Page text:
Stop the camera – no filming in court!

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Stop the camera – no filming in court!

The question of whether to allow the filming of what takes place in a court room is discussed from time to time. Post Covid, when many hearings moved online out of necessity, you may have seen all or part of a hearing live streamed. The live streaming of all or part of a hearing forms part of the justice system being more open and accessible to the public. However, it is recognised that this needs to be carefully balanced against the need to consider those witnesses giving evidence, and safeguarding of those that must remain anonymous. Members of the public can attend (most) hearings in person, and now can watch Court of Appeal cases, which have been live streamed on a dedicated YouTube Channel, or cases taking place in the Supreme Court. There has also been the live streaming of sentencing remarks in criminal cases.

It is important to emphasise that this filming and/or live streaming has been expressly permitted. It remains illegal to take photographs, film or make recordings in court or any part of the court building. This rule also applies to remote hearings and means that even if the hearing is being live streamed to the world, you cannot take a photograph or make your own recording. If you do, you would likely be held to be in contempt of court, which carries the risk of a custodial sentence.

On 31 May 2024, an unusual set of circumstances came before the County Court at Bournemouth in the case of the Department of Transport & Others v Robert Hood. The hearing was to deal with the sentencing of the defendant, Mr Robert Hood, for various contempts that had been found proven. In the opening of the written Judgment, the Judge recorded that Mr Hood was not present for his committal for contempt of court, which he acknowledged was exceptional. Mr Hood was not willing to surrender his mobile phone, which meant that he was not able to enter the Court room. At a previous hearing, Mr Hood had filmed himself attempting to arrest a District Judge and posted the footage on to social media. Mr Hood had also stated that he had brought handcuffs to court for the purposes of arresting the Judge. The Judge acknowledged that it was unusual to proceed with a committal sentencing hearing without a defendant in attendance but pointed to the unique situation of recording by Mr Hood.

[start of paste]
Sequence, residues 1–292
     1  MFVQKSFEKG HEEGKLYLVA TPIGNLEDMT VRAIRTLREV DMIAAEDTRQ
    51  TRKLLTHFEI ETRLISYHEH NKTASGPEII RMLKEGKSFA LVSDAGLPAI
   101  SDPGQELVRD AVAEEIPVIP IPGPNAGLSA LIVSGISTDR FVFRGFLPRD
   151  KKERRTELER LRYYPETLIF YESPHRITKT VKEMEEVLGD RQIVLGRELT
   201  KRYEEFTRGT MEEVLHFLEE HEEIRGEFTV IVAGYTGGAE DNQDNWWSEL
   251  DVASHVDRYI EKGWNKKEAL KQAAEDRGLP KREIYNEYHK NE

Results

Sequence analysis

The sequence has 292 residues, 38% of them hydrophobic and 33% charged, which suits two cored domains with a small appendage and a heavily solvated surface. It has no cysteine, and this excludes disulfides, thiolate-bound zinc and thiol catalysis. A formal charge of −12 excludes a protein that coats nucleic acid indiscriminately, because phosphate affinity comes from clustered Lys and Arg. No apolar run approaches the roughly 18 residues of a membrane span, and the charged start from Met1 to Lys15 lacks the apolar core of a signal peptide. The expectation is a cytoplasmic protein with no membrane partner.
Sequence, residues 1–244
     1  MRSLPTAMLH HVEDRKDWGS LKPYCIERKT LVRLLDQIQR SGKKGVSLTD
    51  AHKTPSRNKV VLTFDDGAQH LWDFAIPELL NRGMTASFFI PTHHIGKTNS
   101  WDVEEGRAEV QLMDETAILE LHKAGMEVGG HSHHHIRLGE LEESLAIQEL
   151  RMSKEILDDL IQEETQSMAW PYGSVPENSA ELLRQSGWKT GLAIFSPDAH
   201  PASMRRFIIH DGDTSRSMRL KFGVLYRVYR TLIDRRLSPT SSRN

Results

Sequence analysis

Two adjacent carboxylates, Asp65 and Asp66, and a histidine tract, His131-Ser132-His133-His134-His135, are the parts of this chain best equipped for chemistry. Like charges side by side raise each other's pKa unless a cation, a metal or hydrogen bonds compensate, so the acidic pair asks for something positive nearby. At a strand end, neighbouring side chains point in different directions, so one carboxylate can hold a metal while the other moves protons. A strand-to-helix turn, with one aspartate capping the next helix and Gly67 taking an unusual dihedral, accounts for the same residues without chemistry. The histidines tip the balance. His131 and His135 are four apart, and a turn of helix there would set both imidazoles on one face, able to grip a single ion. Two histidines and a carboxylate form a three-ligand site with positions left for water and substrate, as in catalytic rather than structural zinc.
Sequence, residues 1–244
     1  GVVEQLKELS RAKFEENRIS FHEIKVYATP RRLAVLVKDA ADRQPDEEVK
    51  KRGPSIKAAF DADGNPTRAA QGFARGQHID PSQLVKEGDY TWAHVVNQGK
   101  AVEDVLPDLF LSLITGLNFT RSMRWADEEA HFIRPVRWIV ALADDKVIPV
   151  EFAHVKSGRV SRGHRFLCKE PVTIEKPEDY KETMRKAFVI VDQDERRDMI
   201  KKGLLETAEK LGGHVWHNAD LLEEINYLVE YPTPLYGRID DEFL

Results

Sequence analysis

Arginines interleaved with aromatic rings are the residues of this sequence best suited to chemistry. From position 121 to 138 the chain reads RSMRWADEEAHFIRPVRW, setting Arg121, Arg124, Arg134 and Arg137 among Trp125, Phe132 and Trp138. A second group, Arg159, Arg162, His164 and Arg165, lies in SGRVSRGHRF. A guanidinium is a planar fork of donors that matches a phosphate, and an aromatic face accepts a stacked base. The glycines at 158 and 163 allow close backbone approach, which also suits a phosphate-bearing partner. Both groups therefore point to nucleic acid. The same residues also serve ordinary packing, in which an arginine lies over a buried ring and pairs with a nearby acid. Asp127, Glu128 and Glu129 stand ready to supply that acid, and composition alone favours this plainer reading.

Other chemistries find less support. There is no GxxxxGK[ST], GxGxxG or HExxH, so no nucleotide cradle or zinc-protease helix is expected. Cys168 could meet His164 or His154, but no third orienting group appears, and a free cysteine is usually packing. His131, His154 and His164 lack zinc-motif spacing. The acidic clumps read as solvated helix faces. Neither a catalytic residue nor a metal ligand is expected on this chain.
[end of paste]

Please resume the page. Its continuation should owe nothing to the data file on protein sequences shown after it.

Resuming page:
The background facts to the case are fairly innocuous in that Mr Hood was a driving instructor. In 2020, Mr Hood presented a candidate for a driving test, who unfortunately failed. Mr Hood was convinced the failure was unfair and he complained in what was found to be an aggressive manner. The complaint expanded into a general allegation of fraud and corruption. Mr Hood also became involved in a dispute with the owner of the franchise under which he traded, who terminated his retainer. Mr Hood was then removed from the register of authorised driving instructors, on the grounds that he was not a fit and proper person.

Mr Hood had posted on various forms of social media including Facebook, Instagram and Twitter (now known as X) his views about the DVSA. The allegations included racism, bullying, theft, fraud, perjury and matters of that kind. Mr Hood also posted the address of one claimant. In January 2023, an injunction was granted that prohibited the posting of names, pictures, addresses, videos or any other personal data identifying the individual claimants and other employees.

Subsequently, there were allegations that Mr Hood breached the injunction. Mr Hood was found to be in breach of the injunction by various applications made.

In January 2024, the Judge gave Mr Hood time to remove the offending posts and deferred sentencing. The Judge recorded in the order that he had expected the posts to be removed.

Ultimately, on 31 May 2024, the sentence imposed on Mr Hood included a custodial sentence of three months.

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